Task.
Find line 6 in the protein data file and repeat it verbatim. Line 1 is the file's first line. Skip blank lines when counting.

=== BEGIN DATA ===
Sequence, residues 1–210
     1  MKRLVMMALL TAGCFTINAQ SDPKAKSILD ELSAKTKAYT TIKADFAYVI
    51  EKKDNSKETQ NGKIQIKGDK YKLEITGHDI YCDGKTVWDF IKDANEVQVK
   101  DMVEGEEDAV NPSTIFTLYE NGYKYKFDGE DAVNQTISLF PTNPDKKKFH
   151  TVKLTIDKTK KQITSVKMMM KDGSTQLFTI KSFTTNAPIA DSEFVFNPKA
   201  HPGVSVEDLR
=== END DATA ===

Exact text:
   201  HPGVSVEDLR